In a previous report, a novel 3-step protocol designed to deliver broadband light (BBL) in three different treatment settings was introduced for treating inflammatory acne.1 In step 1, the BBL treatment settings comprise a cut-off filter of 420 nm, a fluence of 4–6 J/cm2, a pulse duration of 240–300 msec, and 3 passes over active acne lesions to induce photobiologic reaction by targeting porphyrins in Propionibacterium acnes.1 In step 2, BBL is delivered at the treatment settings of a cut-off filter of 560 or 590 nm, a fluence of 15 J/cm2, a pulse duration of 15 msec, and 2–3 passes over active acne lesions and scars to reduce inflammatory reactions and to induce new collagen production.1 Finally, in step 3, the BBL treatment settings consist of a cut-off filter of 590–1200 nm, an intensity of 8–15 W/cm2, a pulse duration of 12 sec, and a constant motion technique over active acne lesions and potential breakout areas.1

In the present study, we describe two Japanese patients with active acne vulgaris and post-acne erythema who were successfully treated with a modified 3-step BBL treatment protocol. The modified 3-step protocol comprised treatment with a cut-off filter of 420 nm and a pulse duration of 150 msec (step 1), a cut-off filter of 590 nm and a pulse duration of 200 msec (step 2), and a cutoff filter of 590 nm and a pulse duration of 12 sec (step 3).

CASE REPORT

Two Japanese patients (14-year-old and 22-year-old females) visited our clinic presenting with erythematous pustular lesions on the forehead, perioral area, and cheeks. The patients had been treated with oral and topical medications at other clinics, although the clinical outcomes thereof were unsatisfactory. Neither patient had undergone pertinent light- or laser-based treatments, such as pulsed dye laser, intense pulsed light, or other long-pulsed lasers, for inflammatory acne vulgaris, post-acne erythema, and postinflammatory hyperpigmentation within the last three months. The patients were clinically diagnosed with inflammatory acne vulgaris (Fig. 1A and 2A), and were prescribed topical adapalene gel to reduce inflammatory acne lesions for 1 to 2 months. However, despite partial improvement thereof, the active inflammatory lesions and post-acne erythema persisted.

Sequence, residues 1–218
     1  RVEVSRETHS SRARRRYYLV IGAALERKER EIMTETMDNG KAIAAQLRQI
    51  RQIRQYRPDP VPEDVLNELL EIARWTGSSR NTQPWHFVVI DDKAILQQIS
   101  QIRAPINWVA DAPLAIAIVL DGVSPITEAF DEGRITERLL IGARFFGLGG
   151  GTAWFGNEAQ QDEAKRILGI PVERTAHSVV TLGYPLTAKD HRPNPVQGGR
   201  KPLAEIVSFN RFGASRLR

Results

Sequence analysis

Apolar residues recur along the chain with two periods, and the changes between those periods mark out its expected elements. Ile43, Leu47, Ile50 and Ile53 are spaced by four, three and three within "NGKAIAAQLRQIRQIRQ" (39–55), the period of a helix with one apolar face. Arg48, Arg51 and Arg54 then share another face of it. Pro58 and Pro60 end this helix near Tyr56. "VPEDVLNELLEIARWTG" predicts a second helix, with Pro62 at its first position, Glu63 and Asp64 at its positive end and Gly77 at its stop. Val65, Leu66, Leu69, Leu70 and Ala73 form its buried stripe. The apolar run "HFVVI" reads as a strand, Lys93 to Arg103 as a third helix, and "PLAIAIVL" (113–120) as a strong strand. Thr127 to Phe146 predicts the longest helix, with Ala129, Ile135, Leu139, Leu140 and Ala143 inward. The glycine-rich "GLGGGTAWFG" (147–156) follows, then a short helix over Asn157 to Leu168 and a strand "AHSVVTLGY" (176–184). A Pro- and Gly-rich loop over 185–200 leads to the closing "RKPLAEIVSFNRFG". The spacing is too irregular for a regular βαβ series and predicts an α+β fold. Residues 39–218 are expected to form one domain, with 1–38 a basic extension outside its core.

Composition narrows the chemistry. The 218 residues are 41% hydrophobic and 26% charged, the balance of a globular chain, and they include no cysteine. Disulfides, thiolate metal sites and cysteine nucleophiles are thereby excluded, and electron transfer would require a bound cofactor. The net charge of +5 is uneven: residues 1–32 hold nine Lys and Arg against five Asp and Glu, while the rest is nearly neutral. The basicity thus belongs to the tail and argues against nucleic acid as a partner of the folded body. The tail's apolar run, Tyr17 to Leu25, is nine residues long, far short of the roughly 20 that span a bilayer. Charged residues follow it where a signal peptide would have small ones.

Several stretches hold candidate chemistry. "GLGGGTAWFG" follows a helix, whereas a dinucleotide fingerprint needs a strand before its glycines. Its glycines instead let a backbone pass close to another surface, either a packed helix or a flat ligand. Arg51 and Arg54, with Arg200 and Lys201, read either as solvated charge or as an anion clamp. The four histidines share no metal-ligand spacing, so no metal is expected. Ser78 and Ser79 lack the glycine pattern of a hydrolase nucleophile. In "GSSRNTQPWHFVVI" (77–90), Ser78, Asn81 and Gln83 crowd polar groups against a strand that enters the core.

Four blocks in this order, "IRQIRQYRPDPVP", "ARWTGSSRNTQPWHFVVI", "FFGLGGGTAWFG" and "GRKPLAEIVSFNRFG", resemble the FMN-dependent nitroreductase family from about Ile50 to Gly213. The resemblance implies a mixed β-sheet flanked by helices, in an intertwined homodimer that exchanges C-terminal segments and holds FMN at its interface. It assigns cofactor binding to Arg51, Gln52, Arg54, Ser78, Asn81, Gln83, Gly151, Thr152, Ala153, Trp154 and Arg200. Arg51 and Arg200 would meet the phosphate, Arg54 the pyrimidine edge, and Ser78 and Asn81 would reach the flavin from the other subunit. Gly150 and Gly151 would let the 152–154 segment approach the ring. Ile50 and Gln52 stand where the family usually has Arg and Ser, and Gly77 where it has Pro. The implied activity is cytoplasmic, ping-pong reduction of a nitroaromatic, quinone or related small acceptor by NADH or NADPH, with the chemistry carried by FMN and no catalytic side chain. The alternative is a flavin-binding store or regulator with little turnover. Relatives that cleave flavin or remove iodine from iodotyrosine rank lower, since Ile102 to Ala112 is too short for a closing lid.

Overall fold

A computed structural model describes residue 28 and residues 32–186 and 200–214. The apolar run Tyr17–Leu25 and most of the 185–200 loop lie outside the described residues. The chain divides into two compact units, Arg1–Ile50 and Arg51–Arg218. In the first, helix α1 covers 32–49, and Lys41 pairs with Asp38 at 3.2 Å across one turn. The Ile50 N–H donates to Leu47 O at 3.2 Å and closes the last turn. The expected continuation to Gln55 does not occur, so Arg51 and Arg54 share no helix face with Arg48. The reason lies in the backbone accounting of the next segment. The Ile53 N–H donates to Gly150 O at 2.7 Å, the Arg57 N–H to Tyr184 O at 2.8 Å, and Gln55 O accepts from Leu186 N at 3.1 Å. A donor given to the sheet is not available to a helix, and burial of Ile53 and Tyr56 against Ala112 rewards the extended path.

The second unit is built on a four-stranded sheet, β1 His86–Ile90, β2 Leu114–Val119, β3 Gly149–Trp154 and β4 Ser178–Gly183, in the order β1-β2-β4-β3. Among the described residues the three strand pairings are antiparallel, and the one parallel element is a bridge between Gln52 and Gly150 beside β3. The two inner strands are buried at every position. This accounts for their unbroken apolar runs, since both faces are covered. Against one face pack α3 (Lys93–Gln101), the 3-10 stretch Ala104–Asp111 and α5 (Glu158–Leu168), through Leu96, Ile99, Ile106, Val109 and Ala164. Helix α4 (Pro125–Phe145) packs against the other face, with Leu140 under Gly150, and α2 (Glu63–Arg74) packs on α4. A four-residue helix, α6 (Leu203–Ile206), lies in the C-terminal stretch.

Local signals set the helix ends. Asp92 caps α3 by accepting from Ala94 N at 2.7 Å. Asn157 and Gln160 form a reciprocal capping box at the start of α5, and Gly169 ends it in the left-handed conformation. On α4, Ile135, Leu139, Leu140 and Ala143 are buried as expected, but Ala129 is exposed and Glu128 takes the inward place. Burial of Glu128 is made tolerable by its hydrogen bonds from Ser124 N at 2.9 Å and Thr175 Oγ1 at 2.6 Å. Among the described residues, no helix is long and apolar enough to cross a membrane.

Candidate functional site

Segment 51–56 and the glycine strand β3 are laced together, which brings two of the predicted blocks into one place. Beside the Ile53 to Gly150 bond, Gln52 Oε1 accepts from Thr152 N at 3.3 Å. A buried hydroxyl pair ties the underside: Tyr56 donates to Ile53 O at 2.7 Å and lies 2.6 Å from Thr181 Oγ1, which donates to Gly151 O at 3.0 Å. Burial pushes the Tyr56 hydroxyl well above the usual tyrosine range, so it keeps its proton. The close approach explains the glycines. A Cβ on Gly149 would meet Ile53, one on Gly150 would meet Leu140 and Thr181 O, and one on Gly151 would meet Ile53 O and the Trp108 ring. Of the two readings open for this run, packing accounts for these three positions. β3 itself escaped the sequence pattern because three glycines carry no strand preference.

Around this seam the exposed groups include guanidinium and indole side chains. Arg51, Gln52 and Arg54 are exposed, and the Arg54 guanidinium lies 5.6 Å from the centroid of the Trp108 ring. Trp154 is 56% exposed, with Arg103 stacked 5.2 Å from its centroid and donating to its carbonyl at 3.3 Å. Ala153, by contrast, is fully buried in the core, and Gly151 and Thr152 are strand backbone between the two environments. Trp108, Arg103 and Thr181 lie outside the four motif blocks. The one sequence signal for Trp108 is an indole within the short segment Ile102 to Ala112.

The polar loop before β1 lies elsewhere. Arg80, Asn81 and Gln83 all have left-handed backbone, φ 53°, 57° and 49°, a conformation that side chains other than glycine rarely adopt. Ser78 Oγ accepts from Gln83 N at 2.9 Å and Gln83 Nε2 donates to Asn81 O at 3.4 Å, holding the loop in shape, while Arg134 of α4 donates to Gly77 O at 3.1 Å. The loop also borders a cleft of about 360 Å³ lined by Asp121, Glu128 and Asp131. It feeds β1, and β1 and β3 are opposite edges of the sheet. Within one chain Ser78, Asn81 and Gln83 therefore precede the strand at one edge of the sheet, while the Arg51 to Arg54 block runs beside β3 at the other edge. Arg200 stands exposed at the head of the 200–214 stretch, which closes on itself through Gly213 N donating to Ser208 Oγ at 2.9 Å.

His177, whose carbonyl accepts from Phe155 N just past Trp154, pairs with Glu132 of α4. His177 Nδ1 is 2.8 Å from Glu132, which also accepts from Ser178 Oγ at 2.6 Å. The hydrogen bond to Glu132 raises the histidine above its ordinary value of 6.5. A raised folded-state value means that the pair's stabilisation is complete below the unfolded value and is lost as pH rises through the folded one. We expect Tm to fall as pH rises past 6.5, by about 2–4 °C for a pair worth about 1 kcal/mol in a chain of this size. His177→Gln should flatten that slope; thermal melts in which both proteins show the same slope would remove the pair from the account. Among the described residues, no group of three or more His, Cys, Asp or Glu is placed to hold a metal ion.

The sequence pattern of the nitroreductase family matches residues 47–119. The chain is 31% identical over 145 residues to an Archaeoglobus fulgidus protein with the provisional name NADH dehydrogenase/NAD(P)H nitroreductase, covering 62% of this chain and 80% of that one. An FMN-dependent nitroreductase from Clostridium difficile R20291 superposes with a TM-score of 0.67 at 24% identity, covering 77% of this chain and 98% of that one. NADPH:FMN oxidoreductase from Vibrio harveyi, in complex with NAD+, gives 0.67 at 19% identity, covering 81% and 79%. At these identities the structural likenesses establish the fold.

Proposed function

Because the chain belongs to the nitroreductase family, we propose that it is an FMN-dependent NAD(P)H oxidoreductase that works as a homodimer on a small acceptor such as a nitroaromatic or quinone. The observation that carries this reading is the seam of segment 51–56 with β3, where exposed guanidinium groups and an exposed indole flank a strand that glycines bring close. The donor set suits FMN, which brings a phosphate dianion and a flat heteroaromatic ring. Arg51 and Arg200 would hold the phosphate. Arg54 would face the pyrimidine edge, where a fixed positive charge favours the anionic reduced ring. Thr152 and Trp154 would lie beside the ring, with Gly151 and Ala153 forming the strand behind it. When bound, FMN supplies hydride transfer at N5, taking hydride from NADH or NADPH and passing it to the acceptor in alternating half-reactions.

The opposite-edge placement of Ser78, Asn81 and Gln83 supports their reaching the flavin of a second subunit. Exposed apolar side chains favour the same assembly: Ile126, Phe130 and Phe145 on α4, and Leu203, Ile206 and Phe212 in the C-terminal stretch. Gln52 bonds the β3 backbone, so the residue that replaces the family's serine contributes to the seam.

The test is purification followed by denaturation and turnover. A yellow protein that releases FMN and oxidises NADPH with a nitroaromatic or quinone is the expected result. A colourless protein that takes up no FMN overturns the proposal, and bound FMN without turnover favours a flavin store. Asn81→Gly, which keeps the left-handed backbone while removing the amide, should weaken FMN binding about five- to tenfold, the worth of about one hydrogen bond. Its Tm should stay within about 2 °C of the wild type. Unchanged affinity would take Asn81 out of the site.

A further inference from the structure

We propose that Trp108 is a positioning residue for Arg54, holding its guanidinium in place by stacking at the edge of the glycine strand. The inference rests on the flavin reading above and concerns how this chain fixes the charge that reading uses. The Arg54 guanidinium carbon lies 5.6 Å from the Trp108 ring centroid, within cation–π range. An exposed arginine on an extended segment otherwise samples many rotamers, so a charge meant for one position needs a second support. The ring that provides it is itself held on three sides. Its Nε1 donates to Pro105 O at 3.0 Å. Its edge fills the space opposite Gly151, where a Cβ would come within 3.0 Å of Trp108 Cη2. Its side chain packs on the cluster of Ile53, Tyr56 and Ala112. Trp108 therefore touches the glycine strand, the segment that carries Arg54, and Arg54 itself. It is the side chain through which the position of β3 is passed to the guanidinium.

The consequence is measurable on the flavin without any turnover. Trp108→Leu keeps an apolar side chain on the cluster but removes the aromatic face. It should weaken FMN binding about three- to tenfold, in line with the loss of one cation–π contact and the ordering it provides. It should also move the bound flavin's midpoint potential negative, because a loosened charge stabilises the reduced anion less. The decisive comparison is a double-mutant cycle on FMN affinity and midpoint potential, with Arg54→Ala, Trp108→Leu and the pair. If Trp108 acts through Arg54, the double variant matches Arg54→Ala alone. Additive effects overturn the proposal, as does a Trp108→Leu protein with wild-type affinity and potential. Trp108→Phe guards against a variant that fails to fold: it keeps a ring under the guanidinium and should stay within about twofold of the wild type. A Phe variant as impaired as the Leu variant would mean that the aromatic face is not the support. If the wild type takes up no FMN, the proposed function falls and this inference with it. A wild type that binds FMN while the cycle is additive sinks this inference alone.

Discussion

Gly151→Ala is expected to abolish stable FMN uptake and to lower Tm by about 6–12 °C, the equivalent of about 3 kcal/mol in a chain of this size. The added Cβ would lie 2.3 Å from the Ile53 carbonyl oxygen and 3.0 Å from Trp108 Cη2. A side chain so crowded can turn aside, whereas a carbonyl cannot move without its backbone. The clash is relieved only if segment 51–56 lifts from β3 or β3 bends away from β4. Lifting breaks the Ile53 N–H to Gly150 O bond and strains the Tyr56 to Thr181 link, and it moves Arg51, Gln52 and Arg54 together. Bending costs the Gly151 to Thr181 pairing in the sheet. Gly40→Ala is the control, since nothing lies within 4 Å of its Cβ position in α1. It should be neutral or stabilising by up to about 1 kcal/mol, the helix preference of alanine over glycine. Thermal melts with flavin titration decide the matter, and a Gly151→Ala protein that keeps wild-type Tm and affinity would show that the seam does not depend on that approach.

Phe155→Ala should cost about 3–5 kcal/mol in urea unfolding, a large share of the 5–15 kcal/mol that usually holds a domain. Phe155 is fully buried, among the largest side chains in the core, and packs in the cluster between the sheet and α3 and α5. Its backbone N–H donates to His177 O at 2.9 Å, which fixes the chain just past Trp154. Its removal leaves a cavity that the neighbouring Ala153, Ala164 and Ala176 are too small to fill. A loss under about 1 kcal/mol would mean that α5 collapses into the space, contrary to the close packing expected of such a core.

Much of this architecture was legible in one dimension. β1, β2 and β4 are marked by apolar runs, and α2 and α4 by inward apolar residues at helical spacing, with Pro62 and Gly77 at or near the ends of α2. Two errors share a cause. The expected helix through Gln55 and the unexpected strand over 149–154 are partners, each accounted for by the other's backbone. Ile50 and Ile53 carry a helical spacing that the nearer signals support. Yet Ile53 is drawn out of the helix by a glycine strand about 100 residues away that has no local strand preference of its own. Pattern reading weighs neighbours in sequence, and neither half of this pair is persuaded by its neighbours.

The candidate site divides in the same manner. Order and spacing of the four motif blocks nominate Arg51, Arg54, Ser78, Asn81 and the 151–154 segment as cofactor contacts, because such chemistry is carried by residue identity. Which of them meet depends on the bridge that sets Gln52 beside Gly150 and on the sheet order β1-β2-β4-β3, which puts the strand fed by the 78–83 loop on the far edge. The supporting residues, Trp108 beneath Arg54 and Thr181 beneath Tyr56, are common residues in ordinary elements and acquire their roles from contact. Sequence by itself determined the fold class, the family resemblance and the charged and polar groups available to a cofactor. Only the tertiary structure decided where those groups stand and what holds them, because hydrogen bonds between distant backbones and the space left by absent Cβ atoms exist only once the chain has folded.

After obtaining written informed consent, the patients were treated with two (14-year-old patient) and four sessions (22-year-old patient) of 3-step BBL treatment for inflammatory acne vulgaris and post-acne erythema at one-month intervals. The face of each patient was gently cleansed with a mild soap, and chilled ultrasonic gel was applied on the entire face without pretreatment with topical anesthetic cream. Then, the 3-step BBL treatment was performed as follows: In step 1, a single pass of BBL treatment (BBL; Sciton, Palo Alto, CA, USA) with a cut-off filter of 420 nm, a fluence of 5 J/cm2, a pulse duration of 150 msec, and a cooling crystal temperature of 15°C was delivered on the entire face after applying chilled ultrasonic gel. In step 2, a single additional pass of BBL treatment with a cut-off filter of 590 nm, a fluence of 15 J/cm2, a pulse duration of 200 msec, and a cooling crystal temperature of 15°C was applied on the entire face. In step 3, BBL treatment was performed on the face with a 590ST cut-off filter (Sciton), an intensity of 10 W/cm2, a pulse duration of 12 sec, and a cooling crystal temperature of 30°C via a constant motion technique. The estimated total accumulation energy of the step 3 treatment was approximately 25,000 J/session. The treated areas were cooled with icepacks. No prophylactic systemic or topical corticosteroids, antivirals, or antibiotics were prescribed. The patients were recommended to apply sunscreen and topical adapalene gel thereafter.